When Seny opened earlier this year in East Walnut Hills, executive chef Travis D. Maier's concept was refreshingly high-minded for such a Middle American city as ours. After studying his craft in the Basque region, Maier constructed a menu that combined traditional Spanish tapas with molecular gastronomic techniques, offering dishes that include strange textures, infusions, foam and emulsions.
Yes. Foam. Right here in Cincinnati.
Just reading the dinner menu, which is separated into a traditional menu and a more experimental section featuring modern interpretations of Spanish cuisine, is an experience in itself. My dining companion and I decide to order a serving of Paella (market price) and sample some molecular gastronomy until it arrives.
Upon ordering the paella, served in portions large enough for two people to share, our server informs us there was none left. "Sometimes 10 people order it on any given night," he says, shrugging, "and sometimes 20 people order it, but tonight we've already had close to 30 people order it." This is disappointing. I don't manage a restaurant offering authentic Spanish cuisine, but if I did, I'd make sure I didn't run out of a signature dish by 7 p.m. on a Wednesday night.
With these constraints in mind, my review of the paella is as follows: It looks quite good when it is brought to the table next to ours; it is yellow; there are mussels in it; other people are eating it.
We order the Charcuterie ($10) instead, and try the Bacon and Eggs ($5), the Patatas Bravas ($4) served with a spicy salsa brava and a couple of glasses of Sangria ($7/glass or $25/pitcher). One early complaint: Our server says he'd like to get us started on some water, and then asks if we'd prefer sparkling or still. When I reply that I really just want still water, I'm trying to say that I want tap water and that I find the idea of buying water ridiculous when it comes out of the faucet for free. So I'm annoyed when the server cracks open an overpriced bottle of Evian ($6) and pours it for us before I can object.
Otherwise, the service is friendly and efficient, and the staff is on hand to recommend dishes that complement and build on top of one another. Besides tasting wonderful, the charcuterie approaches art. Carefully arranged on a white rectangular plate, cuts of Spanish chorizo, Carpaccio, salami and Serrano ham served with caper berries and gherkins form a glistening palette of bright reds and pinks, marbled with creamy soft veins of fat. The flavors and combination of textures are wonderful.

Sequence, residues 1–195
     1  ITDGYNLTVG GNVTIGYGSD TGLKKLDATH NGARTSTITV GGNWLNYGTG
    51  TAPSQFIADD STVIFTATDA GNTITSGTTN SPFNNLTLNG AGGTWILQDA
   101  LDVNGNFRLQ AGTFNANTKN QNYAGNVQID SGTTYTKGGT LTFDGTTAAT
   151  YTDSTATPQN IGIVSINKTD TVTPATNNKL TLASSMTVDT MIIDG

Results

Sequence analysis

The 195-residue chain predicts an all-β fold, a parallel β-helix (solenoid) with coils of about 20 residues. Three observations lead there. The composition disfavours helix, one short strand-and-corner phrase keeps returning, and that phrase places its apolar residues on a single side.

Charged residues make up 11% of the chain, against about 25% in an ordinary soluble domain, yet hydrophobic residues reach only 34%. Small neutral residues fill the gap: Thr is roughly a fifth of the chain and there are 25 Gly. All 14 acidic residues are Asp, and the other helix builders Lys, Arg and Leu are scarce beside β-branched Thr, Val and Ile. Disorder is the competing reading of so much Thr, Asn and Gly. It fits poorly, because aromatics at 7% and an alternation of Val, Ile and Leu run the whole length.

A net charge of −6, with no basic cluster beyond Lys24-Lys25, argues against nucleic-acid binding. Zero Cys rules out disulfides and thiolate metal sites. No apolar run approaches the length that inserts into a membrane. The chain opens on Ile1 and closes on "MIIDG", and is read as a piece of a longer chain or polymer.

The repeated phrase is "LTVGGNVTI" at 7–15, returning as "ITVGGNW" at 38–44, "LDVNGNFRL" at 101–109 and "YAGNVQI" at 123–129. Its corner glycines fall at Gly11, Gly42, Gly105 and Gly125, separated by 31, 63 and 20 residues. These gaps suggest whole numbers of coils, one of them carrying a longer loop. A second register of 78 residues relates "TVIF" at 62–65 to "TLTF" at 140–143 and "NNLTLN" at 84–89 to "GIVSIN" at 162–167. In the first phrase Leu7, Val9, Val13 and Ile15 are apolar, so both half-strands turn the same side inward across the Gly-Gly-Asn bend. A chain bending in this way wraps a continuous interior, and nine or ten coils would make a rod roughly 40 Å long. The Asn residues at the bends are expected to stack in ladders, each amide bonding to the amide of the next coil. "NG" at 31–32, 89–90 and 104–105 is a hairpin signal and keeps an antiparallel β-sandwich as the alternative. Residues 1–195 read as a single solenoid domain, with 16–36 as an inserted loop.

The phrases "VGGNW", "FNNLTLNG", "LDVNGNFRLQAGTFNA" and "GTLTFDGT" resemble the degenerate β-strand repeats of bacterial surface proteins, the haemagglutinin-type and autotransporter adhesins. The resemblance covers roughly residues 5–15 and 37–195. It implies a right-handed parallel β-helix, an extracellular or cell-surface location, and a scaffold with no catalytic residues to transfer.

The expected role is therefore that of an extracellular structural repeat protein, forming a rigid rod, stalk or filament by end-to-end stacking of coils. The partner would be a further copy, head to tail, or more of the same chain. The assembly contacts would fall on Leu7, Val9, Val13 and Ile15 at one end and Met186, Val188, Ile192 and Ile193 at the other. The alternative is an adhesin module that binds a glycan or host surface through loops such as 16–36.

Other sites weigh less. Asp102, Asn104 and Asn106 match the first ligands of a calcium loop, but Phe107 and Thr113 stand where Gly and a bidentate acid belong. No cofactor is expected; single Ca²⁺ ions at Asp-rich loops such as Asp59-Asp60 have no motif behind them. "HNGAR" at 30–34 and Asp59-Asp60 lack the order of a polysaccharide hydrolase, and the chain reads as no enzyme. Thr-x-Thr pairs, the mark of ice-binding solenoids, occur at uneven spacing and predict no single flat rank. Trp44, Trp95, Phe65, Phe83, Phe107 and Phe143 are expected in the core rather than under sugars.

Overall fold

The bacon and eggs are also visually arresting: two miniscule rashers of bacon carefully lie on either side of a bright green, softly-cooked egg yolk, which has been infused with an herb emulsion. A tentative taste of the green yolk brings a rush of flavors, almost a sensation instead of a taste, of sage and rosemary. It is an unusual and memorable experience. Perhaps the only disappointment is that two spoonfuls later it is gone. The patatas bravas, a more traditional Spanish dish, are delicious and satisfying.
The Fried and Espresso-Spiced Calamari ($9) is wonderful, with its subtle coffee-flavored batter, served atop preserved oyster mushroom salad. The Slow Roasted Mushrooms are unremarkable ($7), and when I see the four small mushrooms on the plate, I can't help but feel that perhaps a few fell off on the way from the kitchen. By the time the Marinated and Braised Pork Belly ($25) arrives, it is cool, gelatinous and not entirely pleasant. Unlike the mushrooms, I actually find myself relieved by the small size of the pork belly, which is paltry and could easily be hidden in the palm of my hand if I was unusual enough to want to do so.
I'm an enthusiastic supporter of reductions in serving sizes but believe smaller portions should relieve our wallets as well as our belts. For a communal cuisine like tapas, I can imagine large groups arguing over who gets to eat a mushroom and carefully dissecting a tiger shrimp. This is, I suppose, paying the food a complement, and for the most part it is delicious and innovative, if overpriced and undersized.
For dessert, we try Sopa ($6), a yoghurt soup, with mint oil and candied asparagus and fennel and also the Postre (dessert) Tapas ($6), a selection of petit fours, including a creme brulee-filled strawberry and an apricot sponge. I am not taken with the sopa. I'd hoped that its preparation would allow me to taste something new and different in the asparagus, but it really doesn't taste candied at all. It tastes like asparagus. And it's in my dessert.
Go: 1544 Madison Road, East Walnut Hills
Hours: Lunch: 11:30 a.m.-1:30 p.m. Monday-Friday; dinner: 5:30-10 p.m. Tuesday-Saturday. (Reservations are recommended.)
Prices: Entrees: $17-$28; tapas: $4-$16
Payment: Major credit cards
Red Meat Alternatives: Some vegetarian options
Accessibility: Fully accessible